Don't take my word for any of this. After all, nobody is right all of the time :-) Think for yourself. Go look it up. Work it out. It's your ride and it's entirely up to you what kind of filter you use. You're the Mechanic-in-Charge, not me.

In fact, lemme repeat that: You are the Mechanic-in-Charge. Making the right choices is up to you. All I've done here is express an opinion, albeit one based on experience. In effect, I've described a particular path. The decision to explore it -- or not -- is yours.

The only reason I've bothered to say anything at all is because automotive engineering is not subject to the democratic process. Having a big mouth doesn't automatically make you a good singer, nor a loud voice a good speaker (although it helps :-) The fact someone posts a thousand messages a month does not mean the messages contain anything worth reading. Apply that logic to the fact all your buds are using gauze & tea strainers for air cleaners and you'll see it only means its a popular idea, not necessarily a good one. The task of determining the merit of something is up to you. And I'm not just taking cars here. Every person is capable of error. That fact extends to every organization as well because organizations are nothing more than collections of people. And if you think an individual can screw up, our personal faults pale by comparison to the outright evil of which groups are capable. (And yes, you can look this up too if you wish. Although since 9-11 I've got a hunch most folks can figure it out for themselves.)

The wiser course, in my opinion, is to always think for yourself, even if doing so sets you apart from the majority. Because when push comes to shove, it's your life. And your ride. Not theirs.

-Bob Hoover

PS -- Oil bath air cleaners fell into disuse for passenger cars because of economic factors, environmental issues and the shear size of the damn things.

The size issue had to do with their height. To work properly an oil bath air filter must have a certain minimum height. If you had a 'tall' engine yet wanted a low hood line you had to move the oil bath air filter over to the side, as Volkswagen did with the Karmann-Ghia, Hudson with their dual-carbed 'Hornet' and others. But doing so increases the parts count and complexity of the system and such things carry an inherent increase in maintenance cost. Which leads to...

The key economic factor in the demise of oil bath air cleaners in cars had to do with the time needed to properly maintain them. I can't remember the Flat Rate Manual for servicing an oil bath air cleaner but it was on the order of 0.5 m/hr. No big deal when making 'good money' meant a dollar an hour. But nowadays spending half an hour to clean an air filter would be economic suicide for a dealer paying his line mechanics $37.50 an hour plus full medical, dental and so forth. (What's it take to change a treated paper air filter? Maybe a minute... if you've never done it before. Less, for an experienced mechanic :-)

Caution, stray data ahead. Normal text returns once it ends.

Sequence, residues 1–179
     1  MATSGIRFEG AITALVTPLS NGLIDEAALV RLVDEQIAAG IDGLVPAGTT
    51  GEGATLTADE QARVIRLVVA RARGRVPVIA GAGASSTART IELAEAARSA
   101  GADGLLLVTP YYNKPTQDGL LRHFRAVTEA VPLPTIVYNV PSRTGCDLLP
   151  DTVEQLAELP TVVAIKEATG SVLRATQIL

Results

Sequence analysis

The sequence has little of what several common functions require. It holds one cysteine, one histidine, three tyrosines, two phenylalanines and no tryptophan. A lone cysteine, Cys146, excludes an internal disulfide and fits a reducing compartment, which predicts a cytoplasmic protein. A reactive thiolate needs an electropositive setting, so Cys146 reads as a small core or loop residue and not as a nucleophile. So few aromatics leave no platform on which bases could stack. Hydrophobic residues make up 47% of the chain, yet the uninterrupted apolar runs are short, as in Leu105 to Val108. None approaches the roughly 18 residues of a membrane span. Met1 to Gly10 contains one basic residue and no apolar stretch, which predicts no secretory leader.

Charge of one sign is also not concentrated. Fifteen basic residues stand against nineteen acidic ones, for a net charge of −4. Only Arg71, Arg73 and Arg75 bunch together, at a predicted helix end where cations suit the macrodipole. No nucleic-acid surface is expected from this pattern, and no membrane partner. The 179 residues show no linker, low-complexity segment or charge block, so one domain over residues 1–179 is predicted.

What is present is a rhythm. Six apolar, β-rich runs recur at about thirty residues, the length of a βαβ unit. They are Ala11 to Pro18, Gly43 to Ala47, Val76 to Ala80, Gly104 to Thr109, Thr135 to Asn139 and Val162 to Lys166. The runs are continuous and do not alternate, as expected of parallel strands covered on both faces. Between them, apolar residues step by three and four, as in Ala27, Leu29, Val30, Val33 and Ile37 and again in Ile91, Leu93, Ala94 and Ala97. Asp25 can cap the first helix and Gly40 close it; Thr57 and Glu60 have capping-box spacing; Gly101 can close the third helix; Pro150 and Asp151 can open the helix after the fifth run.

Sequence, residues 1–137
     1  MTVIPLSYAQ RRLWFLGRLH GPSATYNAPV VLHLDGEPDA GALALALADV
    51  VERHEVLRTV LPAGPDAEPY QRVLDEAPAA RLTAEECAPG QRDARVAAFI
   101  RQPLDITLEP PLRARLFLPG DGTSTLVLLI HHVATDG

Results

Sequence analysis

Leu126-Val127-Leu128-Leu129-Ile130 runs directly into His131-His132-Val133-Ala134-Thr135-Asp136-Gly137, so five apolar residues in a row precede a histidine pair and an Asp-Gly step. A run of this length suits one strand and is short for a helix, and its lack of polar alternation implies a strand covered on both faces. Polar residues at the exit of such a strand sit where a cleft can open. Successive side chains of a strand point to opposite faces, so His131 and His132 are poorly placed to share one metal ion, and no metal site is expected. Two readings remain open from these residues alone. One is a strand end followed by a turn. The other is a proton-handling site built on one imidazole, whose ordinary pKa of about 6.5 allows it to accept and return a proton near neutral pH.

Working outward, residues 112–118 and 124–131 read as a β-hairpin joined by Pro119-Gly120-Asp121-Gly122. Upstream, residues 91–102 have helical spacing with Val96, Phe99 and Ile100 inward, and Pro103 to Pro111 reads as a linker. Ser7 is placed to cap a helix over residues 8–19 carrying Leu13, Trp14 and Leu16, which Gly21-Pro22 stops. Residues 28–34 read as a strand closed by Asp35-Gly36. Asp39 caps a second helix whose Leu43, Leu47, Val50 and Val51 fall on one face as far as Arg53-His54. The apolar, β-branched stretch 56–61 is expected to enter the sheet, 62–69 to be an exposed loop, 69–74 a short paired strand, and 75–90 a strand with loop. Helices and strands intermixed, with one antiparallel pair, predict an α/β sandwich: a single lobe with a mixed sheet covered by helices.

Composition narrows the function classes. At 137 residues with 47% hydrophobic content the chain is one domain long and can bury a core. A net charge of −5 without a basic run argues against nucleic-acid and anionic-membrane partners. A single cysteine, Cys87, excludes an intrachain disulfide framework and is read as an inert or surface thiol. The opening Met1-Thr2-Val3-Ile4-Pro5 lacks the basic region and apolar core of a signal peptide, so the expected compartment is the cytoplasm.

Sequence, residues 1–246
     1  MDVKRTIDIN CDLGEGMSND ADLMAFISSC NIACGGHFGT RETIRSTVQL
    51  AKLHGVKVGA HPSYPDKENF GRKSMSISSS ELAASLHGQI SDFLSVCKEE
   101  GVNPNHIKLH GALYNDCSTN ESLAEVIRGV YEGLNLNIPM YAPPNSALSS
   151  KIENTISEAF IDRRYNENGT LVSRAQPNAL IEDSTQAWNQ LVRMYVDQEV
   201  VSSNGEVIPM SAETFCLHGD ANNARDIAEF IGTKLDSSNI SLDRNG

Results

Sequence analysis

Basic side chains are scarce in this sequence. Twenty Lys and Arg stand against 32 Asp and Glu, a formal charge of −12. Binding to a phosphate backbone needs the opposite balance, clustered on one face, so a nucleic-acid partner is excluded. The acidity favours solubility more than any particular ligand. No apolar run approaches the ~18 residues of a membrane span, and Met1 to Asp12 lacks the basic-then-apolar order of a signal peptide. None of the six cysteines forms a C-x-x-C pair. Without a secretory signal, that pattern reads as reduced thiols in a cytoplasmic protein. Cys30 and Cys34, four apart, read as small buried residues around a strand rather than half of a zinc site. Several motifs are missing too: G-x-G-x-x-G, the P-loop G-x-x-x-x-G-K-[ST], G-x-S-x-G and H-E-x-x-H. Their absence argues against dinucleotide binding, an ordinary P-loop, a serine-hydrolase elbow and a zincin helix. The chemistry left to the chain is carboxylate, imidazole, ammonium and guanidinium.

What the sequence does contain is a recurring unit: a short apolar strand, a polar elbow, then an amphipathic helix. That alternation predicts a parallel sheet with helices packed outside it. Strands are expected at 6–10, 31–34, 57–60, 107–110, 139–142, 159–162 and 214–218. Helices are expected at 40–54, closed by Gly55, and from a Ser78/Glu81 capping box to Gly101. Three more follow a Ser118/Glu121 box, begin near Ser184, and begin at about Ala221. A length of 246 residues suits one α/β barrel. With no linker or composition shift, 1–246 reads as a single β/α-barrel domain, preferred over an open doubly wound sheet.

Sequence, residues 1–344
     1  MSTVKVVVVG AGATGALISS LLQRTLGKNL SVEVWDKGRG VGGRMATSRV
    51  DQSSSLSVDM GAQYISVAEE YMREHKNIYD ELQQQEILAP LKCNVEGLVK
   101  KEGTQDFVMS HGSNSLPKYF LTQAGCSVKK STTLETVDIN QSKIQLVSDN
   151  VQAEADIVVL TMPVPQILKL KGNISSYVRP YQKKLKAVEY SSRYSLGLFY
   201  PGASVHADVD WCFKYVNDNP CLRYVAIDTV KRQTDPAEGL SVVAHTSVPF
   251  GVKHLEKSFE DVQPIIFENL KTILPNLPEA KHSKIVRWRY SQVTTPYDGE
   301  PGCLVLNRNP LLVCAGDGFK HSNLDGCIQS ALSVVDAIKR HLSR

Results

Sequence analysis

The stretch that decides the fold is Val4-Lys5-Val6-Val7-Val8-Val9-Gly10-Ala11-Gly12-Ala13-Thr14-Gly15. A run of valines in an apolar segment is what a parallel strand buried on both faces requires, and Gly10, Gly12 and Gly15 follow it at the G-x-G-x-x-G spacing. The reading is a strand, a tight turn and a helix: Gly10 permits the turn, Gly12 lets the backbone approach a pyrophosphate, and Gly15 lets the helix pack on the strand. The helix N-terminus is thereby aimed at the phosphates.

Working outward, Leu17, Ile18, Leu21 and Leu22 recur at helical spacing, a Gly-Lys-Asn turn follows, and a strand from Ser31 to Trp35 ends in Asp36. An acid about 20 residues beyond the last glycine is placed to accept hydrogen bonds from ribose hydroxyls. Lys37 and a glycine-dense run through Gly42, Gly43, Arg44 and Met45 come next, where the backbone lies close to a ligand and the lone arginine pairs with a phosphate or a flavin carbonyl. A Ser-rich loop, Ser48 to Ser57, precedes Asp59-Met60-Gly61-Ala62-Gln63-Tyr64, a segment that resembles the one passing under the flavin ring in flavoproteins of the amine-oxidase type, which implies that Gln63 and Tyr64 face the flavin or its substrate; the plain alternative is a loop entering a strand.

The environmental issues with regard to oil bath air filters wasn't so much the oil you poured out of the thing. Hell, recyclers will pay you for the stuff. What really sets a tree-hugger's hair on fire is seeing that drum of sandy sludge -- the scrapings out of the bottom of the oil pan -- accumulate over in the corner of the lubrication bay. A high percentage of the particulate matter found in the air above most roadways is toxic. And you've just concentrated 55 gallons of the stuff (and usually hauled it off to the local dump). The solvent-filled parts washer you ran it through was another E-ticket ride for tree-huggers. Not only did it generate its own quotient of sludge, in normal use it pumped a few pounds of hydrocarbon aerosols into the air every day. By the time you've shifted to a water-based high pressure detergent washer, or added a vapor recovery system to your solvent tank and negotiated a HazMat contractor to collect & dispose of the sludge, servicing an oil bath air cleaner has become a very pricey proposition.

There's plenty of justification for doing away with oil bath air cleaners. But their ability to clean the air wasn't one of them. Indeed, such filters remain a standard method for many industrial applications, as a bit of research will show. - rsh